A former RAF Kinloss Mountain Rescue Team leader has told how he sought evidence that a Russian satellite crashed in the Highlands 50 years ago.
David “Heavy” Whalley was intrigued by a story from the 1960s that a shepherd found the remains of a Sputnik on a moor above Ardgay in Sutherland.
An RAF Kinloss Mountain Rescue Team member sent to the scene later told Mr Whalley of finding unusual debris.
Team members involved were allegedly told to “keep quiet” about it.
After becoming Kinloss’s rescue team leader in the late 1980s, Mr Whalley tried to find a record of the search in the team’s logs. He believes the information was deliberately suppressed.
Sputniks were a series of satellites built and launched by the former Soviet Union.
The first was launched in 1957 and was the first man-made satellite to orbit the Earth.
The achievement has been widely credited with starting the space race between Russia and the US.
In 1962, a shepherd reported finding wreckage from a Sputnik in the hills above Ardgay.
The late Jack Baines, an experienced climber who later became an RAF Kinloss MRT leader, was among military searchers sent to investigate.
For the first time, Mr Whalley has revealed publicly that he looked for records of what they recovered.
He said: “They found various bits and pieces.
“They included a part with Russian and pictures on it explaining what to do if the satellite was found crashed, and that a reward would be given for its return.
“Jack said the team were told to keep quiet about what they found.
“When he told me the story I first thought it was an urban myth, but he convinced me and I believe they definitely found a crashed Sputnik.”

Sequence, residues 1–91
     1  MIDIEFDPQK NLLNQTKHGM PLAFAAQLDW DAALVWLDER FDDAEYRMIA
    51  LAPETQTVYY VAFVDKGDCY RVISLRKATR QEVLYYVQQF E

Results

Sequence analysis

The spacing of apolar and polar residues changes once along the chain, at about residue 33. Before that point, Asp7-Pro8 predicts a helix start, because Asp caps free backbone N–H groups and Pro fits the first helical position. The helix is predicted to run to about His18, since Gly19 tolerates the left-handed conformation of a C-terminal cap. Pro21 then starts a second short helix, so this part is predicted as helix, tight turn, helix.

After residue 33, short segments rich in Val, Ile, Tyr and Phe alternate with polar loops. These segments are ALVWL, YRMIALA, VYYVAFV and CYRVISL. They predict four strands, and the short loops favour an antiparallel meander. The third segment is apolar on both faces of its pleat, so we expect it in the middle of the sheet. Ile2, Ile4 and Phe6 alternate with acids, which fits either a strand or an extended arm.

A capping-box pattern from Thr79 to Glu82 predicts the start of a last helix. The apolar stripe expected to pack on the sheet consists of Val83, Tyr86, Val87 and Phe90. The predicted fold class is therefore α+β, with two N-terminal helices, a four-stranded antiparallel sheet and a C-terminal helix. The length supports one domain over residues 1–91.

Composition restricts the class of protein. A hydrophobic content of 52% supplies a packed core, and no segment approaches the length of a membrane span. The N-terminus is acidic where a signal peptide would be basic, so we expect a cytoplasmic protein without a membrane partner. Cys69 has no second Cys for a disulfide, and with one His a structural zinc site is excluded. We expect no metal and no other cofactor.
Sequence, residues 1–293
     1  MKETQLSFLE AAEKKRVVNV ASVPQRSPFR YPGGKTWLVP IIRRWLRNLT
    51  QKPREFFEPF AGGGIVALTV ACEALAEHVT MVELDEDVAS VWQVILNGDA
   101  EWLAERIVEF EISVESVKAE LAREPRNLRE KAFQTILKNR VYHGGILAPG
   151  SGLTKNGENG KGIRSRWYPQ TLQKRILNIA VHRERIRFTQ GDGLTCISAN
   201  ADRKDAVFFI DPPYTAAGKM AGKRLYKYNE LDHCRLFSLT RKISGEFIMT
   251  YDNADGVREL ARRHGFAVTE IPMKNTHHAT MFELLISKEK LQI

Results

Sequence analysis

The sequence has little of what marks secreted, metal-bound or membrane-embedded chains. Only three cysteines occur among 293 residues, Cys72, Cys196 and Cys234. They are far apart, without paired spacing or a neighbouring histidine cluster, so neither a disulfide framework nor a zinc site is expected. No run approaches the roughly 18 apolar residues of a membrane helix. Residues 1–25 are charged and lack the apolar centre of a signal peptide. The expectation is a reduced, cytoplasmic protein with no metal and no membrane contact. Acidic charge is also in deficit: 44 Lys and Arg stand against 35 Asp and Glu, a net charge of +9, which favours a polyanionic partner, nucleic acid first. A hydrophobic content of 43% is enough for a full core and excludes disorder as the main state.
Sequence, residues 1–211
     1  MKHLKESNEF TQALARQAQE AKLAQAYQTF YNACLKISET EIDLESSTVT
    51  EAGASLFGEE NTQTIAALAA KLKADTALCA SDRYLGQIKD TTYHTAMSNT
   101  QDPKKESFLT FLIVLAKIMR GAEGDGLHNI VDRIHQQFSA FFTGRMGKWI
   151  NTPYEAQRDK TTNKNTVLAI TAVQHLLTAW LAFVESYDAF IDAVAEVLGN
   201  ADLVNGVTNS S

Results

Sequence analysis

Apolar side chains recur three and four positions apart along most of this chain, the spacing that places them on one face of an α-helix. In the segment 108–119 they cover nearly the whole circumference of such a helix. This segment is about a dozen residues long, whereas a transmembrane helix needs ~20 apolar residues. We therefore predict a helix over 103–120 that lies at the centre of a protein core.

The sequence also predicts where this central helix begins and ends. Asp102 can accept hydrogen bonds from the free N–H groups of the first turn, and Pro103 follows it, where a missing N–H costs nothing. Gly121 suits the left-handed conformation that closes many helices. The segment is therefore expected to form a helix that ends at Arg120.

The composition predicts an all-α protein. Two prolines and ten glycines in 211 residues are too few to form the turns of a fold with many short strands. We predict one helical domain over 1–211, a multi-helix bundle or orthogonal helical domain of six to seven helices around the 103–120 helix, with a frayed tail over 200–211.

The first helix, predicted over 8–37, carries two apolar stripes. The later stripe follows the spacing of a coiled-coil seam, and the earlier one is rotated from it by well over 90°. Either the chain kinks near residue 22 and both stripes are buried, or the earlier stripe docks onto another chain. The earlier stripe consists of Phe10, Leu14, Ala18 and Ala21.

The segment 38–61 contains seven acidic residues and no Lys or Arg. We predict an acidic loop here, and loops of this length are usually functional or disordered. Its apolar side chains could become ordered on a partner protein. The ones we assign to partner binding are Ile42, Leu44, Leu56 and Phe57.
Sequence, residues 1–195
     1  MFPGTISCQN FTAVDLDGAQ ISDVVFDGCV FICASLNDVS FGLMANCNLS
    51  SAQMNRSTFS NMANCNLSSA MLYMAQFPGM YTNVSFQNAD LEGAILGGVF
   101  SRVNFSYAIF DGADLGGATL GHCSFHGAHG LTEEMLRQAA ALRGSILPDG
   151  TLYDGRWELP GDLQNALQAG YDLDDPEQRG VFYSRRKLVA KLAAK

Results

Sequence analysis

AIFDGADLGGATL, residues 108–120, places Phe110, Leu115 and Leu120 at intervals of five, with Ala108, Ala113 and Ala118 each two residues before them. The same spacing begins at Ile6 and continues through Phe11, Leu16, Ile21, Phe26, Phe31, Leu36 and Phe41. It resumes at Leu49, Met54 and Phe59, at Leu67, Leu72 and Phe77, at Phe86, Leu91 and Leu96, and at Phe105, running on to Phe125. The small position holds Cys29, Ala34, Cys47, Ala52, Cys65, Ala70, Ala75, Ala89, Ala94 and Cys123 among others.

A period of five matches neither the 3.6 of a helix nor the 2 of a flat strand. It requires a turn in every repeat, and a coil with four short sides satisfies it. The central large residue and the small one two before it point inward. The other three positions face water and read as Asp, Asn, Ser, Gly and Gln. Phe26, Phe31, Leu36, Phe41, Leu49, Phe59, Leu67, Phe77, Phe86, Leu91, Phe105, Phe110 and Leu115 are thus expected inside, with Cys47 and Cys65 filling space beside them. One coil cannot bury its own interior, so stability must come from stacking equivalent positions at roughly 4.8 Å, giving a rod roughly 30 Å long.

Mr Whalley added: “There is no incident report, or mention in the team archives, as I checked when I became the team leader in the late 80s.”
The story of the crash is recalled in a section of Frank Card’s 1993 book Whensoever, which marked 50 years of RAF mountain rescue.
The book places the incident in spring 1962.
In September of that year, a chunk of Sputnik IV smashed into a street in Manitowoc, Wisconsin, after the satellite burned up in the atmosphere.
Keith Bryers, a Dingwall-based amateur historian, investigated the Ardgay incident in the 1990s.
He found mention of “problematic wreckage” among an informal RAF list of crashes.
Mr Bryers said his investigations left him 99% convinced the wreck was the remains of a crashed US high altitude spy balloon.
The balloons carried a gondola fitted with cameras and drifted over the Soviet Union on winter jet streams to photograph military airfields and bombers.
Mr Bryers said there was a cover story that the balloons were for researching weather conditions.
He said: “This was the period before spy satellites and the American U2 spy plane.
“The balloons were launched from various sites around Europe.”
Mr Bryers is certain the Ardgay wreckage was of a balloon from the US 28th Weather Squadron which was based at a Royal Navy station at Evanton, in Easter Ross, from 1955 to 1966.
He said the gondolas had stickers on them with cartoons showing people what to do if they found it. It was possible there was also writing in Russian, or Asian, languages on the stickers, he added.
The Ministry of Defence said it did not hold records from that time and could not make any comment on the claims.
Did a Sputnik really crash in Scotland?